Ramifications of Deepfakes go beyond porn

Fake news has been the buzzword of the past few years at this point, but the proliferation of certain advancements has the power to elevate the issue of fake news to a whole new level. Unfortunately, the only term to describe this new process at the moment is Deepfakes. A bit of fair warning, looking up this word will be met with a slew of articles on and potentially examples of the main use for now: pornography.

Deepfakes, simply put, work by mapping the face of one person onto another. The technology to accomplish this has been available to those with resources and money for a while, but recently a program has been made that allows anyone with a moderately powerful computer to create these. The program analyzes images of the target faces, eventually working out how to swap the faces with decent accuracy. This allows faces to be put into other scenes with attention to lighting, color and position.

First gaining traction on Reddit before being banned, the Deepfakes “community” has primarily worked on putting the faces of celebrities onto the bodies of porn actresses. Additionally, many speculate that this process can be extended to work for average people as well. The fear ringing through many people and outlets is about how Deepfakes generation plays into consent and revenge. A bitter ex-partner or creep could easily get footage and images of their target to create realistic revenge porn, incriminating their victim.

As real as these fears are in the short term, however, I fear the implications of this technology more generally for information and news. As seen in some early jokes - like Donald Trump placed onto Hillary Clinton - the Deepfakes process works just as well on politicians as it does on celebrities. While most are preoccupied on porn for now, what happens once Deepfakes creators turn their eye to more serious endeavors?

For now, the Deepfakes are impressive but not quite convincing. In the Nicolas Cage fakes that have also attracted much interest, it is obvious that Nicolas Cage is not actually acting in the movies his face has been transplanted into. However, if there is a political or financial motive severe enough, or just a person with too much time on their hands, it would be trivial to create a realistic voice, script and set to mimic someone actually saying something. With time, the program itself - already in its second iteration - is also sure to get refined to make more stable and convincing masks.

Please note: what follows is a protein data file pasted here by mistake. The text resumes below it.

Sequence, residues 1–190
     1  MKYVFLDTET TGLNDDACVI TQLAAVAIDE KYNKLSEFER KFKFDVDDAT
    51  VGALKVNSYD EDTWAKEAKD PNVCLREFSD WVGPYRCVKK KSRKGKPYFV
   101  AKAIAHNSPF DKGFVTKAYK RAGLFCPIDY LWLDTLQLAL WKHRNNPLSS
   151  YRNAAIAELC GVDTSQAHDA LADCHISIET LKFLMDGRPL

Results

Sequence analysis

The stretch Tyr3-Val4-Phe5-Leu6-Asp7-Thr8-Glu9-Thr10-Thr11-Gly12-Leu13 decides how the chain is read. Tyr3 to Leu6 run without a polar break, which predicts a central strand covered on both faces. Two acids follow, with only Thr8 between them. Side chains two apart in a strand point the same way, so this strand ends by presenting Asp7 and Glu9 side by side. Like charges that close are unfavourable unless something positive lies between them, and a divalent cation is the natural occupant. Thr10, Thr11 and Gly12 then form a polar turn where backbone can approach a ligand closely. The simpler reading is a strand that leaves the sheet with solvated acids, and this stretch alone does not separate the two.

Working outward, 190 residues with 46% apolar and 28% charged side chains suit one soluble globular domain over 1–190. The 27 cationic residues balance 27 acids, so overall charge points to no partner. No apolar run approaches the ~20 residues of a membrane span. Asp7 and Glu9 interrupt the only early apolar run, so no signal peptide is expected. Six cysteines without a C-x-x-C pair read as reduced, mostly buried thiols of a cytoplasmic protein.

With enough time, source material and processing power, it will soon be possible to make Donald Trump or anyone else say practically anything. An individual looking to cause panic could have Kim Jong Un claim to be bombing the United States. An organization looking to actually incite something could make local politicians announce fake policies. The goal for both would be to get media to pick up the stories, proliferating fake news far and wide.

There is no real way to combat this inevitability. The technology is quickly coming, and there will be people looking to abuse it. The only hope is that Deepfakes will eventually be common enough to promote better avoidance of fake news. If it is well known that anyone can create false interviews or announcements, people would hopefully only look to reliable, reputable sources for news. This is both an optimistic and distant hope, though. For the foreseeable future, Deepfakes represent a legitimate threat truth, one that can only be dealt with using vigilance, perception and research.


Peter Fenteany is a weekly columnist for The Daily Campus. He can be reached via email at peter.fenteany@uconn.edu.